Jesus challenges the crowds to consider what it is they have come expecting. If it’s to be fed then that’s important but only a temporary fix. He pushes them beyond the familiarity of their boundaried imaginations and they don’t like it. They begin to challenge his presenting himself as the bread come down from heaven. Jesus is telling them he is the manna of God, which is much more than physical bread that temporarily satiates hunger. As God’s living bread, Jesus offers them the spiritual nourishment of transformation. If Jesus had read Maslow he would have realized that it is a tall order telling people about spiritual nourishment, whose bellies need filling.
I don’t imagine that Jesus as unsympathetic to the crowds drawn to him by the promise of a free meal. Yet, his purpose seems to be to lay out a much larger perspective, within which satisfying physical needs has a place, but cannot be the ultimate end goal. As human beings, we need spiritual nourishment that enables transformation, as well.
Bread the life of heaven and the life of the world
Bread is the fundamental element in Christian community. Christian community, to be Christian must be concerned with the need for real bread to feed the hungry. Give us this day our daily bread – extends bread as a metaphor for all of life’s basic needs: something to eat, somewhere to live, and someone to love and be loved by. Christian community is also concerned with the bread from heaven that feeds our spiritual hunger.
Every Sunday and in some communities more frequently than that, Jesus’ gift of the bread from heaven that feeds the life of the world is renewed in time and space in the celebration of the Eucharist. The Eucharist is the central aspect of Christian worship. At the Eucharist real bread, the staple of life becomes the bread from heaven that feeds our spiritual hunger.
The celebration of the Eucharist must bear certain characteristics according to one of America’s greatest lay theologians of the 20th Century, William Stringfellow.
In an essay entitled Liturgy as Political Action1 Stringfellow outlines three basic characteristics for liturgy that roots it in the integrity of the gospel. Let me apply some of Stringfellow’s thinking about liturgy more specifically to my task in hand.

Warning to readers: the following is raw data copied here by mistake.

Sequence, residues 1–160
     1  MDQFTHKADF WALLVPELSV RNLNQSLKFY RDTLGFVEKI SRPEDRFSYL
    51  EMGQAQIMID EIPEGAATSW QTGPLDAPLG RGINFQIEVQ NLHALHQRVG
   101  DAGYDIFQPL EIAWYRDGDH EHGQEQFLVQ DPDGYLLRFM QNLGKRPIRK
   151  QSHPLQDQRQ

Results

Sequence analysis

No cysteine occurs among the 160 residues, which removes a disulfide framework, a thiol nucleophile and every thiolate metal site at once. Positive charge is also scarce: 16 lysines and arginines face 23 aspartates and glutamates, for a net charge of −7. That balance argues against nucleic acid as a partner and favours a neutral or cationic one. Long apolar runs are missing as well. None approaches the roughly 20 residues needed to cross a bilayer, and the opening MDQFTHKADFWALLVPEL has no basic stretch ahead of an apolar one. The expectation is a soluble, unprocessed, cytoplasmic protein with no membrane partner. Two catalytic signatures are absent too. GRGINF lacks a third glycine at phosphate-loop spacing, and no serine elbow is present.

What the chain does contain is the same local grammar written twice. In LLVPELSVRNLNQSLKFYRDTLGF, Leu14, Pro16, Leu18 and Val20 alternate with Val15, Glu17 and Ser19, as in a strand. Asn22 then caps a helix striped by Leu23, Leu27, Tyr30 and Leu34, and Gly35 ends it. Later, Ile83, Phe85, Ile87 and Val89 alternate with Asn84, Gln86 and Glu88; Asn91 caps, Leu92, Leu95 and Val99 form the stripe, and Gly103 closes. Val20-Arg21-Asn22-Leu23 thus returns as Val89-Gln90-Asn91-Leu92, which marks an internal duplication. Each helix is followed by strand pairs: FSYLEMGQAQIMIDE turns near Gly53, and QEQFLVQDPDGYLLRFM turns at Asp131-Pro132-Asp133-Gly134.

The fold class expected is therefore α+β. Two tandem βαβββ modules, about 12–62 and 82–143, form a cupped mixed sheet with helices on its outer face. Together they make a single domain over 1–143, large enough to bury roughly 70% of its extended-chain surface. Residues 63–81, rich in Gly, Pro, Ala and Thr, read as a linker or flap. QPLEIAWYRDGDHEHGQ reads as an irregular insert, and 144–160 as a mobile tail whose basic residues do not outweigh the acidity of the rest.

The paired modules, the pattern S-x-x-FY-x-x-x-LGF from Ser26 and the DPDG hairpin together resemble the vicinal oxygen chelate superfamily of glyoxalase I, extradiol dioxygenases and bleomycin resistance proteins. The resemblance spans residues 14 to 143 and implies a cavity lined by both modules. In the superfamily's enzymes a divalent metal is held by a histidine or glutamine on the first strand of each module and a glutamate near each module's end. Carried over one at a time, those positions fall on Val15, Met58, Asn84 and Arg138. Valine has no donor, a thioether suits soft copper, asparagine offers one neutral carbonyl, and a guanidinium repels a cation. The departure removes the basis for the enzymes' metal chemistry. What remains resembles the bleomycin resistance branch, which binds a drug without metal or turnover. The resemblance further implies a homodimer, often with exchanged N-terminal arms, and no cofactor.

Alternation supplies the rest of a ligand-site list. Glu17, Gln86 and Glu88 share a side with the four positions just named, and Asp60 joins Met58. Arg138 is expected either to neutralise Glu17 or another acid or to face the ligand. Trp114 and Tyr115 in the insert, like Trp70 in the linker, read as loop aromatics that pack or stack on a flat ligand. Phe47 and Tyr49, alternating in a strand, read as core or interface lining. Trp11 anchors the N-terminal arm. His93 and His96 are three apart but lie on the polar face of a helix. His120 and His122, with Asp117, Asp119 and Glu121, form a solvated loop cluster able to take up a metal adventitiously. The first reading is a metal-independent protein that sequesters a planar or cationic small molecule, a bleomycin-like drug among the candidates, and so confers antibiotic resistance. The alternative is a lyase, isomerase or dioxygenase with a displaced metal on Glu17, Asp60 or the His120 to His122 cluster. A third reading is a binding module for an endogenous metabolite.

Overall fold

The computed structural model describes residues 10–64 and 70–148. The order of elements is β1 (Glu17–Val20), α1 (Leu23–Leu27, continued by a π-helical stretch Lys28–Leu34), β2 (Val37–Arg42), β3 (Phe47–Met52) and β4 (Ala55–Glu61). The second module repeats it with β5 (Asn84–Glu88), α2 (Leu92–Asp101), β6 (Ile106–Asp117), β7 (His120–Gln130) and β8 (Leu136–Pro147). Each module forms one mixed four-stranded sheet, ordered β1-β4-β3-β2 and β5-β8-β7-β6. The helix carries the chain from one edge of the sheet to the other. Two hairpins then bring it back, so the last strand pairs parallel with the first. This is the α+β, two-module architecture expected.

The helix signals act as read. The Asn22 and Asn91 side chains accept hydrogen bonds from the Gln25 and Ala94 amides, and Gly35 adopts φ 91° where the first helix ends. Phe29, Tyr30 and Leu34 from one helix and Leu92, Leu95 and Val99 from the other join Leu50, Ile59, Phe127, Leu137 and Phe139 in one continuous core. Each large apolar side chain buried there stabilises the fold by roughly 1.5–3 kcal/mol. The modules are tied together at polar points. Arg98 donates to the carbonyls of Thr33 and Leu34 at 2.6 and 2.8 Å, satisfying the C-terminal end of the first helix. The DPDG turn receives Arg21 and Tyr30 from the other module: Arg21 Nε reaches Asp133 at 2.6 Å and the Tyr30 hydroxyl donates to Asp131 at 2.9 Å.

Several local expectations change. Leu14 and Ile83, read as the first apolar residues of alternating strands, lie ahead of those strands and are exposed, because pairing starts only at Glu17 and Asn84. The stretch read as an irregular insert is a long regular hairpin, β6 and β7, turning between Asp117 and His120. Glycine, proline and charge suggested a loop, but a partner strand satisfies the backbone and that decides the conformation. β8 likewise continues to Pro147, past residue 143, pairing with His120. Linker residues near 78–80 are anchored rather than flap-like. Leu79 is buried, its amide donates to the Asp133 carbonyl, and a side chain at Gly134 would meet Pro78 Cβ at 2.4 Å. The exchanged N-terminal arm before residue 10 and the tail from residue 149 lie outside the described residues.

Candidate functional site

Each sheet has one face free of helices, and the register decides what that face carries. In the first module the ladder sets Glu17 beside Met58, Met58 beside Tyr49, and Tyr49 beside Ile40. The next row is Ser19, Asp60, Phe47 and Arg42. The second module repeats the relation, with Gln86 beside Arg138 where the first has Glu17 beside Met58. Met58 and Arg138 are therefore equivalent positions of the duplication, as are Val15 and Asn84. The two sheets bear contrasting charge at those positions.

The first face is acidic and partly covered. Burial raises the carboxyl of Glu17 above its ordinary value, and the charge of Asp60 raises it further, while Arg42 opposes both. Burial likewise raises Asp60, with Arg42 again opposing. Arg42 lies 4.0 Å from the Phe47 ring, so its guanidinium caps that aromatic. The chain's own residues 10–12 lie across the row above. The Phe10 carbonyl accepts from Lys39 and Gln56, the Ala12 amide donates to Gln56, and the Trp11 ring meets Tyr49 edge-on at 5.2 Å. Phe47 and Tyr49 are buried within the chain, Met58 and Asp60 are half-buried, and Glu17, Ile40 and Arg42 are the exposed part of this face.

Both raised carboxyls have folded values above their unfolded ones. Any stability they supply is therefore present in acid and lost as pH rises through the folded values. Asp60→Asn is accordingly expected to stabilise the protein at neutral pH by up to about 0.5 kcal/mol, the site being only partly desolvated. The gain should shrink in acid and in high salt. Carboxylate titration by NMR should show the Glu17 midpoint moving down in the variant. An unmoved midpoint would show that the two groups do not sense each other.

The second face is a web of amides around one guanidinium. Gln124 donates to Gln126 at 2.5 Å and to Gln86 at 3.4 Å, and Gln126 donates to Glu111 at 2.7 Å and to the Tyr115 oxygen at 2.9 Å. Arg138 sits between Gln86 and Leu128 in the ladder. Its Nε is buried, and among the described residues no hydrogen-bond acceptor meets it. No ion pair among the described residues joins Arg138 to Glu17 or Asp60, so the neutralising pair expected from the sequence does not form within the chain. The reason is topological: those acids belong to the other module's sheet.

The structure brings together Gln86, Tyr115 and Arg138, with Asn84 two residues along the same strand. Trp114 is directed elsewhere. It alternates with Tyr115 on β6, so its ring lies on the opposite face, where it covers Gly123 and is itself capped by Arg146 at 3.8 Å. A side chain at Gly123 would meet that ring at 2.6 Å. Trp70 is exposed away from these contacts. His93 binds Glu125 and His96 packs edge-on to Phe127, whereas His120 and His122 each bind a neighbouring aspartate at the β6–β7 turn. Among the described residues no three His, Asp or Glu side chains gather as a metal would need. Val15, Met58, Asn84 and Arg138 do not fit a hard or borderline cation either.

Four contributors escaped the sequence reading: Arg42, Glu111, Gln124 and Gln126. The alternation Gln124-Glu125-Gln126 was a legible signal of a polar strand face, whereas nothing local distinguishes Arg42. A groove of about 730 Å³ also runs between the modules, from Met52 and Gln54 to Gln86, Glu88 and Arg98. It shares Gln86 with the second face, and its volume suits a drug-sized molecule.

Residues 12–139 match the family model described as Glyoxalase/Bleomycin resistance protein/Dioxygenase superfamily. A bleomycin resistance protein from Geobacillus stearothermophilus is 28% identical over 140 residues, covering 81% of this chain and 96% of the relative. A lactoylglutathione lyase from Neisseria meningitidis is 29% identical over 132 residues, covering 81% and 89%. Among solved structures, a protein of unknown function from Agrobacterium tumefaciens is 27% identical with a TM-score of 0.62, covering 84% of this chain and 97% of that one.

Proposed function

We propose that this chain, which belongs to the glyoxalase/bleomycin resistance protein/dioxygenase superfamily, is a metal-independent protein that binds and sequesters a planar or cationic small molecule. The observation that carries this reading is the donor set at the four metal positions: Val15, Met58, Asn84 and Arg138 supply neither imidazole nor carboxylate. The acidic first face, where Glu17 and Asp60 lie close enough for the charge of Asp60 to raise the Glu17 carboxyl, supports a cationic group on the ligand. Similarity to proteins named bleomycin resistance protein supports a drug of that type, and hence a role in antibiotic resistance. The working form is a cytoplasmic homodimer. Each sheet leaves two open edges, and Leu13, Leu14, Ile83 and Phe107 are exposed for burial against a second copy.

Transcending categories of time
The Eucharist is where the Biblical story of creation is recalled and rehearsed in the full knowledge of the world’s redemption by Christ. In a modern world enthralled by the concepts of time travel and parallel multidimensional connections across time, the Eucharist, as action forges a conduit between past and future allowing the energies of the past and the promises of the future to flow into the present, i.e. into present time and the particularity of place.
This drama – dramatic action requires the full participation of all the people to prevent it becoming simply a spectacle to be observed. As Stringfellow puts it:
As a transcendent event, the [Eucharist] collects all that has already happened in this world from the beginning of time and prophesies all that is to come until the end of time. But the [Eucharist] is also a contemporary event, involving these particular persons gathered in this specific place and in this peculiar way.
In other words, the Eucharist is here and now and its effects are real in the here and now. It becomes for us a way of focusing our attention on our connections within the community – past and present, and between the community and rest of the world around it. [It] is the normative and conclusive ethical commitment of the Christian people to the world2
The Eucharist celebrates not only God’s gift of Godself in Christ as the bread from heaven given for the life of the world, it also expresses the involvement of the Christian community in the life of the everyday world through the acts of service and witness, i.e. real bread, necessary for real people as staple of life.